guns? Y2K. GUNS! : LUSENET : TimeBomb 2000 (Y2000) : One Thread

I was talking to the Baron the other day and he mentioned a shotgun derringer. What? Yeah, has two 410 shells and fits in your hand. A few threads below, some of the denial-heads are ripping into paul milne. The idea is, why get ready for something unlikely.

This isn't about how unlikely, this is about how much effort to invest in getting ready.

Why do we have a military? Why nukes, aircraft carriers, MIRV'ed ICBMs? Because there is a chance that we'll need them.

Billions for defense and if I buy a few cans of tuna for 84 cents, tuna that I love eating, I'm a hysterical doomster?

Now we're getting shills for the banking industry screaming in terror to Ann Landers, no problems with banks, keep your money in banks, your money is safe in banks.

Banks, I love em. I'll write more about banking at when I'm good and ready.

Right now, I overate at "the Number-1 Chinese" restaurant and I'm feeling woozy, torpid, I need a nap.

-- cory (, April 24, 1999


Prudence is the better part of good judgement. I choose to ignore the shills and use the excellent conversation here to rationalize as I prepare. I don't like to see others waste time arguing with dumbasses. But if it's therapy well then go ahead I guess. Perhaps I will learn how to convince those around me who refuse to acknowledge their lack of understanding? Tips anyone please? You know what I'm talking about; "that won't happen" says the sister-in-law in her $200 nightie snuggled into her half million dollar urban mansion.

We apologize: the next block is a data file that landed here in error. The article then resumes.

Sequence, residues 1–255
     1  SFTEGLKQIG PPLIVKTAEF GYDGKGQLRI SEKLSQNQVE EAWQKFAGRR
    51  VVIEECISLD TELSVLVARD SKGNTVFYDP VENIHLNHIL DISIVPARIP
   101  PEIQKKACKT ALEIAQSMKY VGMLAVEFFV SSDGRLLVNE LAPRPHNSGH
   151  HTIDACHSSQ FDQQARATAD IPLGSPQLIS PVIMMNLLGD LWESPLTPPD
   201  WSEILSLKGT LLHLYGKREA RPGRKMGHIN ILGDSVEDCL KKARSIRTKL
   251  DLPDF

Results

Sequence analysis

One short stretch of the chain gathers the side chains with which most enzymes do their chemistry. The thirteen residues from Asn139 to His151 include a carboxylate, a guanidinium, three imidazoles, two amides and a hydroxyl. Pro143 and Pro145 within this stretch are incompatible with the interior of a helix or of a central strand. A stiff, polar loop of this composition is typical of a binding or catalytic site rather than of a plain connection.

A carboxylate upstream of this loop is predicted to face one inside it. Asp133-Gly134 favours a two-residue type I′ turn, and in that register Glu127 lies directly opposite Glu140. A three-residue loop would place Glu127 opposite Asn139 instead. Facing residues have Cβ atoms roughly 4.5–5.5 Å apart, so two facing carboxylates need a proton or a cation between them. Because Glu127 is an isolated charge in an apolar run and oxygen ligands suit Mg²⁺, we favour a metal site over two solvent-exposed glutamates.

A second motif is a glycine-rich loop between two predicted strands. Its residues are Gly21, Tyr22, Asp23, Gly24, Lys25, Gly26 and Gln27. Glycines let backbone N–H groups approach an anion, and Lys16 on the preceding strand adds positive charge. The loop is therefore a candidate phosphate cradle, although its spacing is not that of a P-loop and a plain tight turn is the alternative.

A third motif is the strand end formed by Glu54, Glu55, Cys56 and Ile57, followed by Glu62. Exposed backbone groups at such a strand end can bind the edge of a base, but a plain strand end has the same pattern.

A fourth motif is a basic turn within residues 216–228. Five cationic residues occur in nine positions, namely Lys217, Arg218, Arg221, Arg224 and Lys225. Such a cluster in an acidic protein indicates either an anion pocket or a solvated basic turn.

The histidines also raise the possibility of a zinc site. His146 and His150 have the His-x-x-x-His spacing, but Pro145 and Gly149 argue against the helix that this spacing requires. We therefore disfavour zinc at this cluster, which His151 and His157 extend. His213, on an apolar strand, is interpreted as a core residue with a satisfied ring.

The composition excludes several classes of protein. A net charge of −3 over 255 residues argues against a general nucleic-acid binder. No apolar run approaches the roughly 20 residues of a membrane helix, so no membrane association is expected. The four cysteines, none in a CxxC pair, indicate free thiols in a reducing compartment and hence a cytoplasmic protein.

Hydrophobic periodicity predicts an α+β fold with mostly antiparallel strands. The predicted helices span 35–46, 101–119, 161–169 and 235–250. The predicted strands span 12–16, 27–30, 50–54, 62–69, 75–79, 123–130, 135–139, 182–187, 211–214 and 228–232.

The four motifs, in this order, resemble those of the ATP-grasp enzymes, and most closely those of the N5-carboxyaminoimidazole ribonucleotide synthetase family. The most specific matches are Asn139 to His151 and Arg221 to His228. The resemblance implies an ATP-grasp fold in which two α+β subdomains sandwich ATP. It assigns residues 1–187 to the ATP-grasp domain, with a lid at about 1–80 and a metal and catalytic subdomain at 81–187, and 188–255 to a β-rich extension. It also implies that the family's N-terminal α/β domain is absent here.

-- Will (, April 24, 1999.

RE: "Now we're getting shills for the banking industry screaming in terror to Ann Landers, no problems with banks, keep your money in banks, your money is safe in banks."

Wasn't it somewhere in Ayn Rand's Atlas Shrugged, 'If you really want to reassure me, stop reassuring me so much.' or words similar.

-- Ken Seger (, April 25, 1999.

Clearly a rip off of the Shakespearean, "Methinks thou doth protest too much"


-- chuck, a Night Driver (, April 25, 1999.

those .410 derringers are terrible!! The recoil is so sharp into a nerve bundle in the palm that I couldn't make a fist for two minuets!! those guns are strictly for the fetishist gun type who's facinated with more compact and larger and larger calibre rather than functionality. For average y2k prep.a .357saturday night special is functionaly just as concealable,costs less,and allows follow up shots without having to switch hands.and prioritize buying a shotgun over buying a handgun

-- zoobie (, April 25, 1999.

zoobie, I agree with the recoil. I believe that gun was designed as a small carry snake gun. If push comes to shove, 2 shots at close range with a 410 gives good defensive coverage, time to run, and then while catching your breath, practice making a fist. The thing I don't like about the 410 derringer is the skin it removes from the back of my finger that rests behing the trigger. The kick of this little giant cuts down on using it for recreational shooting.